# Point Biserial Correlation Tests

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1 Chapter 807 Point Biserial Correlation Tests Introduction The point biserial correlation coefficient (ρ in this chapter) is the product-moment correlation calculated between a continuous random variable (Y) and a binary random variable (X). This correlation is related to, but different from, the biserial correlation proposed by Karl Pearson. In psychology, the point biserial correlation is often used as a measure of the degree of association between a trait or attribute and a measureable characteristic such as an ability to accomplish something. Since it is a correlation, ρ ranges between plus and minus one. However, because of the discrete variable, the actual upper limit may be far less than one. When ρ is used as a descriptive statistic, no special distributional assumptions need to be made about the variables (Y and X). When hypothesis tests are made, it is assumed that the observation pairs are independent and that the values of Y are distributed normally conditional on the value of X. The distribution of Y when X =1 is normal with mean μ 1 and variance σ 2, while the distribution of Y when X = 0 is normal with mean μ 0 and variance also σ 2. If X is the result of a Bernoulli trial with probability of success (X = 1) p, then the design is said to be random. If X is set in advance, then the design is said to be fixed. Difference between Linear Regression and Correlation The point biserial correlation coefficient discussed in this chapter assumes that both X and Y are random variables. In the linear regression context, no statement is made about the distribution of X. In fact, X is not even a random variable. Instead, the values of X are set as part of the design. For example, a design might call for 20 men and 20 women to be included. Even though the same formula is used in this case, the results follow a different distribution with different sample size requirements. The analysis would then be termed linear regression and that procedure should be used to determine sample size and power. Technical Details The following results are found in Lev(1949) and Tate (1954). A random sample of n subjects is measured for the presence or absence of the trait (X) and the level of an ability (Y). This gives rise to n pairs of observations: (X i, Y i ), i = 1, 2,, n. Sample Point Biserial Correlation Coefficient The point biserial correlation coefficient, r, is calculated using the common product-moment correlation 807-1

2 (X X )(Y Y ) r = (X X ) 2 (Y Y ) 2 (Y 1 Y 0 ) n 1n 0 n = n i=1(y i Y ) 2 Random Design If it is assumed that 1. The binomial variable X takes on the value 1 with probability p and 0 with probability q = 1 p. 2. The condition distribution of Y given X = 1 is N(μ 1, σ) and the condition distribution of Y given X = 0 is N(μ 0, σ). The Tate (1954) provides results for the test statistic t calculated as t = r n 2 1 r 2 When ρ is 0, t follows Student s t distribution with n 2 degrees of freedom. When ρ is not 0, the distribution of t is a weighted sum of non-central t distributions each with degrees of freedom n 2 and noncentrality parameter δ R given by δ R = The weights are based on the binomial distribution of X. ρ 1 ρ n 1n 0 2 npq Thus, the power of an upper, one-sided test of H 0 : ρ = ρ 0 vs H 1 : ρ > ρ 0 computed at ρ = ρ 1 is n φ(p, ρ 1 ) = n n 1 n 1 =0 p n 1q n 0 h(t; n 1, n, p, ρ 1 )dt t α where h( ) is the density of the non-central t distribution with n 2 degrees of freedom and non-centrality δ R, and t α is chosen so that φ(p, ρ 0 ) = α. The sample size can be solved from the power function using a binary search algorithm. Procedure Options This section describes the options that are specific to this procedure. These are located on the Design tab. For more information about the options of other tabs, go to the Procedure Window chapter. Design Tab The Design tab contains most of the parameters and options that you will be concerned with. Solve For Solve For This option specifies the parameter to be calculated from the values of the other parameters. Under most conditions, you would either select Power or Sample Size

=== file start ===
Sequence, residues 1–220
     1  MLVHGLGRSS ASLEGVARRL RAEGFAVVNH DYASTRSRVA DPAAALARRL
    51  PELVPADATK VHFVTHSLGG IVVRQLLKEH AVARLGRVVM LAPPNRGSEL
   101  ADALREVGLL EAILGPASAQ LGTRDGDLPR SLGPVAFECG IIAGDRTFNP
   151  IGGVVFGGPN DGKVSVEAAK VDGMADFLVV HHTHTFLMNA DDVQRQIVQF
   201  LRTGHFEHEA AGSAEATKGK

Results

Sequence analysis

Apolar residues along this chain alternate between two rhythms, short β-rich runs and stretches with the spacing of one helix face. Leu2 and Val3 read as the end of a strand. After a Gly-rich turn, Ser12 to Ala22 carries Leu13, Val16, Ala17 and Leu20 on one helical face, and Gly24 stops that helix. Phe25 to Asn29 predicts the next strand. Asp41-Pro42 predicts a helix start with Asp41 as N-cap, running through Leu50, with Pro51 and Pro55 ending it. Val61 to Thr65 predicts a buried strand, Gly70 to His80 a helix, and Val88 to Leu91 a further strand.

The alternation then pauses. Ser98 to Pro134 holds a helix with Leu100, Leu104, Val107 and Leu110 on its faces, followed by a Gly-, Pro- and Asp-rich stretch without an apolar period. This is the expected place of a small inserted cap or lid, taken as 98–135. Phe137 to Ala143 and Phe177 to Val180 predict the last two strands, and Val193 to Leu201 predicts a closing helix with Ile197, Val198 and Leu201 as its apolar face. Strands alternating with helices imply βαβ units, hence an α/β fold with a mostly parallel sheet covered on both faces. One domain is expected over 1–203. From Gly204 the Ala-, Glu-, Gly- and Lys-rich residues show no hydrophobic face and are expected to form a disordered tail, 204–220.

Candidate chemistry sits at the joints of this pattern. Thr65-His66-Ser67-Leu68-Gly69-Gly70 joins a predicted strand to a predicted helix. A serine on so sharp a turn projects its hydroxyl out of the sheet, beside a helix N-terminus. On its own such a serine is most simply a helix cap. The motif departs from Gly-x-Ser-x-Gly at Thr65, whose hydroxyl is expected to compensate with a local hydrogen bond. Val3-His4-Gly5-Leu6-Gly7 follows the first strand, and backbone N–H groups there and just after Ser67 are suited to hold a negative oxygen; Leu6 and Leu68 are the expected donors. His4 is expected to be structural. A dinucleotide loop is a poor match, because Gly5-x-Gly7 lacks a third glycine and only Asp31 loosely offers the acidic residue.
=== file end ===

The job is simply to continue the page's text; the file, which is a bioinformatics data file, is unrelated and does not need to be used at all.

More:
3 Select Sample Size when you want to determine the sample size needed to achieve a given power and alpha error level. Select Power when you want to calculate the power. Dichotomous Variable Type Assume X s are This option specifies whether the X s are Random or Fixed. Select Random when X is the realization of a chance event. Select Fixed when X is set for each row by the experimenter (no chance event). Test Direction Alternative Hypothesis This option specifies the alternative hypothesis. This implicitly specifies the direction of the hypothesis test. The null hypothesis is H 0 : ρ0 = ρ1. Note that the alternative hypothesis enters into power calculations by specifying the rejection region of the hypothesis test. Its accuracy is critical. Possible selections for H 1 are: ρ1 ρ0 This is the most common selection. It yields the two-tailed test. Use this option when you are testing whether the correlation values are different, but you do not want to specify beforehand which correlation is larger. ρ1< ρ0 This option yields a one-tailed test. ρ1> ρ0 This option also yields a one-tailed test. Power and Alpha Power This option specifies one or more values for power. Power is the probability of rejecting a false null hypothesis, and is equal to one minus Beta. Beta is the probability of a type-ii error, which occurs when a false null hypothesis is not rejected. In this procedure, a type-ii error occurs when you fail to reject the null hypothesis of equal correlations when in fact they are different. Values must be between zero and one. Historically, the value of 0.80 (Beta = 0.20) was used for power. Now, 0.90 (Beta = 0.10) is also commonly used. A single value may be entered here or a range of values such as 0.8 to 0.95 by 0.05 may be entered. Alpha This option specifies one or more values for the probability of a type-i error. A type-i error occurs when you reject the null hypothesis of equal correlations when in fact they are equal. Values of alpha must be between zero and one. Historically, the value of 0.05 has been used for alpha. This means that about one test in twenty will falsely reject the null hypothesis. You should pick a value for alpha that represents the risk of a type-i error you are willing to take in your experimental situation